Community Historians

The Community Historians project was a series of public, participatory workshops in an Atlanta community focused on conceptualizing and enacting forms of citizen engagement through technology. The goal of the project was to provide the space and resources to discover, discuss, and document inherent communal values and tangible resources present in a low-income community. The result of the first workshop was an interactive, alternative asset map of the area. The second workshop involved residents building their own digital cameras from component parts. The purpose of these activities was to reinforce critical thought about how technology affected the lives of residents and to empower adaptation of technology as a tool for communal development.

Visit the project website to see the map produced by residents.

Clothing Supported Agriculture

Clothing Supported Agriculture was completed in partnership with Thomas Lodato as a part of the Public Design Workshop at Georgia Tech in the Fall of 2011.

Clothing Supported Agriculture explores the extension of the ideology of small-scale urban agriculture into peripheral practices, namely clothing design. In the context of digital media, we were primarily concerned with how ideologies are remediated, and secondarily concerned with how remediated ideologies are communicated. As for the former, we focus on actual clothing construction and design; with the latter, we explore framing mechanisms used by similar projects (specifically social entrepreneurship companies such as Tom's Shoes and Warby Parker).

The clothing and patterns were designed according to the tenets of small-scale, community agriculture: closed-loops of waste, locally sourced and reused materials, and freely distributed patterns. Ergonomics and the encouragement of new relationships were also core considerations. The garments and patterns exemplify an encompassing ethic which should extend beyond the growing of plants.

project page


Though there are devices to measure and communicate the facts of pollen, there are few means by which to express the experience of pollen.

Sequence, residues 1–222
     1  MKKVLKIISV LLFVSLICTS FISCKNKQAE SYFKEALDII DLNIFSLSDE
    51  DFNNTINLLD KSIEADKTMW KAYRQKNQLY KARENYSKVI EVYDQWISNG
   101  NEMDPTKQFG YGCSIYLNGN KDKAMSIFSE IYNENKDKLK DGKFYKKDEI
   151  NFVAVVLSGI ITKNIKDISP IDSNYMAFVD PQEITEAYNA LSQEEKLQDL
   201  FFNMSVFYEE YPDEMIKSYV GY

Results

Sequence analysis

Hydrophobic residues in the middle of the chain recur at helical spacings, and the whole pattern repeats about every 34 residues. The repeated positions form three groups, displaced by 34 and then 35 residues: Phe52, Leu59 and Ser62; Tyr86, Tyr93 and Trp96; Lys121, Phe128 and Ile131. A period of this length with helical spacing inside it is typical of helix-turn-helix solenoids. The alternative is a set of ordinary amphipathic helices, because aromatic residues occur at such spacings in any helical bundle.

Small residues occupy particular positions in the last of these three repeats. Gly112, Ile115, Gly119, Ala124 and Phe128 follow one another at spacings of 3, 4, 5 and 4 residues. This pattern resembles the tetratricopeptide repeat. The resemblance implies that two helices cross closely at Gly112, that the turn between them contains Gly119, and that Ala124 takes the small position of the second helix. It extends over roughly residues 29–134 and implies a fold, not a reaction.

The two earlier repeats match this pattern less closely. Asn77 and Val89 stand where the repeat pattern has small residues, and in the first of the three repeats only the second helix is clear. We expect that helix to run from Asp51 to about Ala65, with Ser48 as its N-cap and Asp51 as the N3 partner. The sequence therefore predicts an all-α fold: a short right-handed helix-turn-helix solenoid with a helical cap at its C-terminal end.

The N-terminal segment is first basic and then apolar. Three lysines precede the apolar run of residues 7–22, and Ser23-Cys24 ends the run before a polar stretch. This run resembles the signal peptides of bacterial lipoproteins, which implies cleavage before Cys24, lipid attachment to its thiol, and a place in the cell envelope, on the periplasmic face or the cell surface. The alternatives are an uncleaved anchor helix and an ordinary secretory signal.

Social networking sites house communities of users who are sharing the effects of pollen on their lives, but not in a way that lets us put the where to the how. Aggregation of this data is the start to a qualitative understanding of pollen’s influence.

The pollen map collects community members’ day-to-day accounts of how pollen affects their lives. These recordings are plotted geographically and temporally which allows for reflection on this recurring, yet ephemeral natural process.

The map affords the uncovering of emergent narratives in the reports of its community members. Looking at the map this season, we see that people look to the surfaces of their cars for information about pollen levels and that even citizens without allergies consider pollen epidemic.

This project was done in partnership with other students of the Public Design Workshop: Tom Jenkins, Allen Martell, and Ben Chapman.

project page


We Are Underground was an interactive display in a vacant storefront of the historical shopping site Underground Atlanta. A place with a storied history—-from its pre-viaduct days in at the turn of the 20th century to its revivals as entertainment districts in the '60s and '80s—-Underground Atlanta is a site of power where racial tensions have manifested. Visitors to the installation were invited to comment on the space and how they saw themselves in relation to it by writing on a plain white sheet of paper and triggering a gesture-activated photobooth. A projector inside of the store displayed visitors' images back into the space and the windows of the storefront were pasted with comments from visitors. We Are Underground was about giving visitors the opportunity to define the space for themselves.

WE ARE UNDERGROUND was done in collaboration with Shota Vashakmadze (Architecture) and Bobby Schweizer (Digital Media) at Georgia Tech.

project page

About Me

Photo by Eric Meadows

I am a PhD student working in the Tactile and Tactical (TAT) Design Lab at the University of Washington, where I conduct a broad range of design research. Ethnographic study, speculative design, and participatory design are among the methods and approaches I use regularly.

I hold a Master’s degree in Digital Media from the Georgia Institute of Technology, where I was a part of the Intel Science and Technology Center for Social Computing. I have also interned with the Interaction and Experience Research group at Intel Labs and the Human Experience and Design group (formerly Socio-Digital Systems) at Microsoft Research Cambridge.

My CV is here.


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